The Sichuan Provincial Museum is the main museum of Sichuan, one of China's most important provinces. The museum is located in Chengdu, Sichuan's capital city, and houses a solid collection of antiquities (ceramics, jades, bronzes, etc.), paintings, historical exhibits, and exhibits about the Tibetans and Sichuan's other ethnic minorities. The museum covers three levels and will take you a couple of hours to go through all of the exhibits. We found it to be very user-friendly, with plenty of English-language signage. Admission is free, but you may be asked to show your passport at the ticket window.
The French Priest Armand David first found the giant panda in Baoxing County, Sichuan Province in 1869. He took a panda fur back to Paris.
Pandas used to be widely found in China , however now they can only be found in the remote mountain areas of Sichuan, Gansu and Shanxi provinces with a total area of 13,000 square km.
Contrary to what it says in a number of guidebooks and at a number of government websites and on official city maps (WHY DO THEY DO THIS!!!!!!!!), the Jinsha Relics are NOT open to the public. There is a brand new building (huge, expensive, state-of-the-art....the usual massive overinvestment in infrastructure) which the guards "think" is a museum. They weren't sure as they have only been working there four months and hadn't really noticed the huge building 100 meters behind where they sit in their hut.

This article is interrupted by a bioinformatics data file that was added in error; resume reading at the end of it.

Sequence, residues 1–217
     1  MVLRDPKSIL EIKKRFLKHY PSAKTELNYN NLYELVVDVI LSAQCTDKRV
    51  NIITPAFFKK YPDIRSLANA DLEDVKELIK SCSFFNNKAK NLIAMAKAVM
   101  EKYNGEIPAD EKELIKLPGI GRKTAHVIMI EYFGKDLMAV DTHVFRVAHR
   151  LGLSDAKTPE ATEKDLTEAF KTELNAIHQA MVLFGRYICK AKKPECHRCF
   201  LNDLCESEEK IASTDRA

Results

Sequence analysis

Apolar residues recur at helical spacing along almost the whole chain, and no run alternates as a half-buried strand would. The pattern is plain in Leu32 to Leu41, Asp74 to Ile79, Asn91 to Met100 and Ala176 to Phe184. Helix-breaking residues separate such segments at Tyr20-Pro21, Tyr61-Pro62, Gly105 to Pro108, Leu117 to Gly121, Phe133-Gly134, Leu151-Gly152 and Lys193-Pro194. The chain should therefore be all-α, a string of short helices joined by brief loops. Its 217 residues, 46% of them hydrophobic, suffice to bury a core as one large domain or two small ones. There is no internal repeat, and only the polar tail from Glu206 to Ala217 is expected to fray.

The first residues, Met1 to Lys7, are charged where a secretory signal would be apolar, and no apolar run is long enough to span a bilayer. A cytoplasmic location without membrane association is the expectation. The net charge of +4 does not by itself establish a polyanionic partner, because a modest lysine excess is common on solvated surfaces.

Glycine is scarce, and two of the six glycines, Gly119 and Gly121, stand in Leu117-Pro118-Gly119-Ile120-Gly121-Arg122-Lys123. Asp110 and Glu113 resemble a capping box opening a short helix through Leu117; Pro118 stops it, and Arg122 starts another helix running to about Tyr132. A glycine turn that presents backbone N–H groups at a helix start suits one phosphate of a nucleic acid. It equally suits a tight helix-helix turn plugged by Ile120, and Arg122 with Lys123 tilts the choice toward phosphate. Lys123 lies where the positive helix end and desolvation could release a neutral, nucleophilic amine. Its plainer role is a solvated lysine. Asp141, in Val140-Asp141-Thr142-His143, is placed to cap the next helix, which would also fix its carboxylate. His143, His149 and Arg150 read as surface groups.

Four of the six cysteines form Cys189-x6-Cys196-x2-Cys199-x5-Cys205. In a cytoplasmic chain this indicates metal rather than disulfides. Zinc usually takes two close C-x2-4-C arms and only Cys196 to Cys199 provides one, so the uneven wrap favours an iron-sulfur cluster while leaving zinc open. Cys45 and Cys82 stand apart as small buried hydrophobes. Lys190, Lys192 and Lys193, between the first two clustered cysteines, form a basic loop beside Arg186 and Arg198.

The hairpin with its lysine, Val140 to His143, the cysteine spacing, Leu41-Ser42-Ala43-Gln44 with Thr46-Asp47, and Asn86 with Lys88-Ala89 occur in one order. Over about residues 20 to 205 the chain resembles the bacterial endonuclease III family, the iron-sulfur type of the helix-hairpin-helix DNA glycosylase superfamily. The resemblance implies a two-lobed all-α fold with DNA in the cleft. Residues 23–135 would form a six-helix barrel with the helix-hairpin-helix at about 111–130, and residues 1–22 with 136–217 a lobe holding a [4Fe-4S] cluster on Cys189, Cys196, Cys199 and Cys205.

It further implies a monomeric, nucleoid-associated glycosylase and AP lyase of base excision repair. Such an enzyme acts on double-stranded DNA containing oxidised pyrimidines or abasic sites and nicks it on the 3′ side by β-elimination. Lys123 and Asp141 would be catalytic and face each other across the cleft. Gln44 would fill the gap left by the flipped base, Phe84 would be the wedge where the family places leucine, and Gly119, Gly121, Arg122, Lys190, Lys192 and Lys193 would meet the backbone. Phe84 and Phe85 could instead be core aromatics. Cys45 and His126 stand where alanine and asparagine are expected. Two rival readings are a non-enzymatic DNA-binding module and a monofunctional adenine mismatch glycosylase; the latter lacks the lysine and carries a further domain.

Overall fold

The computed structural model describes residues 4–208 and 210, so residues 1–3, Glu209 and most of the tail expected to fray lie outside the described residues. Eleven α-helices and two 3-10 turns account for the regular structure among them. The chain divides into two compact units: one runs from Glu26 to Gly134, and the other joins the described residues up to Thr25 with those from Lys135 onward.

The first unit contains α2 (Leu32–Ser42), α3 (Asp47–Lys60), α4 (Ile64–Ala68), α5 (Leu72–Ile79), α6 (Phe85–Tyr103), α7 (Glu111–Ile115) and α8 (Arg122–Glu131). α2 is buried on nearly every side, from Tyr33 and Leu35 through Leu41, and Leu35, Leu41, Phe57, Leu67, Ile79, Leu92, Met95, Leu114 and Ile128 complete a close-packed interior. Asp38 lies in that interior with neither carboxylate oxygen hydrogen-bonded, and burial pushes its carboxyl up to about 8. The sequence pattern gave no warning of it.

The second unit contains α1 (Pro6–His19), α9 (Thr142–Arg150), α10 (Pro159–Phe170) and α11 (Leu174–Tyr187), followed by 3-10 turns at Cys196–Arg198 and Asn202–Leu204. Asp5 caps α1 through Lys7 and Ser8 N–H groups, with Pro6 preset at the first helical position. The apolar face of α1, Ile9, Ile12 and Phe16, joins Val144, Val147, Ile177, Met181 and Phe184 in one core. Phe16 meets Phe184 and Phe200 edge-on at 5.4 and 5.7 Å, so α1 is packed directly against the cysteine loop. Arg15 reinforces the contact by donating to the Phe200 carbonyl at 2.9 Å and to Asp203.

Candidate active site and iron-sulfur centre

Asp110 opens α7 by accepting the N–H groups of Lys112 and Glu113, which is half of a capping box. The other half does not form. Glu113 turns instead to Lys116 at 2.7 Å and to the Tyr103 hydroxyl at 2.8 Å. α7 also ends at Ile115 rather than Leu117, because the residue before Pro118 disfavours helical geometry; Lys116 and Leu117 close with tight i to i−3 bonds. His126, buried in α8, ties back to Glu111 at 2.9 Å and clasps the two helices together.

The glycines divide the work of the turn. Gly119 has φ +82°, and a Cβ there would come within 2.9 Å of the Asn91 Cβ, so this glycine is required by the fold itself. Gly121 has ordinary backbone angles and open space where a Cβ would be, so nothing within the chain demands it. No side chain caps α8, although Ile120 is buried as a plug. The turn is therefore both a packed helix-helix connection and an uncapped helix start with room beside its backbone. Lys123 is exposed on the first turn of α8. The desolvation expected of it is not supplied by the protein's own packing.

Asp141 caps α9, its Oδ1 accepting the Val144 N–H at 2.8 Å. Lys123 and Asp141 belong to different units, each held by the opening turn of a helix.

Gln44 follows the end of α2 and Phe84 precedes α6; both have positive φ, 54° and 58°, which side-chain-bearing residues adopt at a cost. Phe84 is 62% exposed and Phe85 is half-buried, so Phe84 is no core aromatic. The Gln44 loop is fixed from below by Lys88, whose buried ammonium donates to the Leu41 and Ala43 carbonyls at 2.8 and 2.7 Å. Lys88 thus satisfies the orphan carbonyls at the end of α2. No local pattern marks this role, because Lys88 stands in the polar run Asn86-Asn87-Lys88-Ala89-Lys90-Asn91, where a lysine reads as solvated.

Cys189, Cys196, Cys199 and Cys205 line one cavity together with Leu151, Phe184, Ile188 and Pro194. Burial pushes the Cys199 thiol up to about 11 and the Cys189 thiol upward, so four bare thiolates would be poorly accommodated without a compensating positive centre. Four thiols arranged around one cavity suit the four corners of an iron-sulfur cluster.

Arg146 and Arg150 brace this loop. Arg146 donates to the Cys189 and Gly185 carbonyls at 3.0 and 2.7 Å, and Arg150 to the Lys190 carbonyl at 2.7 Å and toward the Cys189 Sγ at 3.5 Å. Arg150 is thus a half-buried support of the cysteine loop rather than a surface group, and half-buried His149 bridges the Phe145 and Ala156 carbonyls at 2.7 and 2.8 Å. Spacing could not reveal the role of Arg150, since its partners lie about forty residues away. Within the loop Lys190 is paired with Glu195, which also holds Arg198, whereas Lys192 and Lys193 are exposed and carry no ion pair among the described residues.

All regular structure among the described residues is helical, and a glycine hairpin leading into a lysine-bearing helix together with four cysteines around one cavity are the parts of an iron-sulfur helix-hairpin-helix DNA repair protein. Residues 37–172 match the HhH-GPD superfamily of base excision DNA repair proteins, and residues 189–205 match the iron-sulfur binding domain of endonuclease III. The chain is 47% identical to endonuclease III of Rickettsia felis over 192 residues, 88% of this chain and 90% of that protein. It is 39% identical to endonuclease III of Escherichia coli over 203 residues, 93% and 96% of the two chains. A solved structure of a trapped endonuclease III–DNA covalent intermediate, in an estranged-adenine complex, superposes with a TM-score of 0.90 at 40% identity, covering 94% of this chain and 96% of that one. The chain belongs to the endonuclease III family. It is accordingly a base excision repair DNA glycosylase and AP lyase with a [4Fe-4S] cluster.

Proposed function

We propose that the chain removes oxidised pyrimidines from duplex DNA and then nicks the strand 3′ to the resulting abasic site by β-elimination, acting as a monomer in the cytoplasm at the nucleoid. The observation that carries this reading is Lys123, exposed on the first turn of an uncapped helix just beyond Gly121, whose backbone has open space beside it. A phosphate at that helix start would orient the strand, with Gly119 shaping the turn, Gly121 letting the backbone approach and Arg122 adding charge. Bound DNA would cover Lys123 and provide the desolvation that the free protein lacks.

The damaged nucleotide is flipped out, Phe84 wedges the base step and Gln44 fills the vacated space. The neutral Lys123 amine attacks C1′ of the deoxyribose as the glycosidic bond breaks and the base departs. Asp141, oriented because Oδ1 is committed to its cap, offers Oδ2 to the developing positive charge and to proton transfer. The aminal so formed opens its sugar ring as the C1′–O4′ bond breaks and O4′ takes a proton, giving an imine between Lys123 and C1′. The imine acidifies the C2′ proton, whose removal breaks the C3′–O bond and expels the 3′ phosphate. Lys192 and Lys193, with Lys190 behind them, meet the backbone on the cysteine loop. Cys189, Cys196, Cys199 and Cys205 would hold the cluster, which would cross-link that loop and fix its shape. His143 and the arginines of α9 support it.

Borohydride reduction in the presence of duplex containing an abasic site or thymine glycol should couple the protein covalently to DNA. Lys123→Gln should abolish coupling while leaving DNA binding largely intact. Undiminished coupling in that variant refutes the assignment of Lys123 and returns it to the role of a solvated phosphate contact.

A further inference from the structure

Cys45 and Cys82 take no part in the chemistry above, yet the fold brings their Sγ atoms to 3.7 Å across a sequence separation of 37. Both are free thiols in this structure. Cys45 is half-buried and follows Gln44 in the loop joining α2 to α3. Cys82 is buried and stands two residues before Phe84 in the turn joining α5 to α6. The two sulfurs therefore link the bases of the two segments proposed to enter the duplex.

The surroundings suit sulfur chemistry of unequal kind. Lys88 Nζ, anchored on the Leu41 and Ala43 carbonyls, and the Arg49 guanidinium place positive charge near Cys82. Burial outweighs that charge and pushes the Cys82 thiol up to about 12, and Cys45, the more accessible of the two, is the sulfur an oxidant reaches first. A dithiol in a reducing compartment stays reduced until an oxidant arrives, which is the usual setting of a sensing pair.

"When will it open?"
"Do you feel that life is passing you by while you sit in your hut?"
"I don't understand your meaning"
"So that's a 'Yes' then......."
When, oh when oh when oh when will tourism and heritage authorities in China stop misleading tourists and visitors about attractions and sites? When will they realise that providing wrong information (and confusing "what will happen in the future" with "what you can do today") just angers people and leads to people making long unnecessary journeys?
It's a disgrace.
UPDATE: According to a Chengdu government website, the museum was FINISHED in June 2004 so why isn't it open. Have RMB200 million just been wasted??
'Jinsha' (pronounced 'Ching-sha') in Mandarin means 'Golden Sand'. This is the place to go if you don't have the time to travel to Sanxingdui Museum or you don't want to spend as much (van hire to Sanxingdui is 200 yuan). It is in the outer part of the city of Chengdu and you can take a bus or taxi. Entrance fee is the same - 80 yuan.
There is an on-site exhibit of the excavation site. 1-2 hours visit.
The museum is a 2-hour drive each way. You have to hire a van and you can go there after visiting the pandas in the early morning. If you take a bus, it will be a 1-day trip.
There are a number of halls to visit. Take along water and snacks unless you want to pay for over-priced ones. At least 2 hours' visit.
The exhibits are an eye opener because they aren't like any I have seen. A friend who saw my photos commented the figures and masks look alien-like, something like what is found in the South America. It was also only when there that I realized the Altar of Heaven for worship by past emperors of China actually resemble the pyramids.
Entrance 80 yuan.
We visited the jinsha Relic Museum on a dull, gloomy day, not expecting very much. But we were amply rewarded with a memorable tour of the relic site and the wonderful exhibition halls showing the relics and the ancient culture that produced them. The Museum is located just outside Chengdu's Second Ring Road. It was opened about one year ago, and complements the more-established Sanxingdui Museum.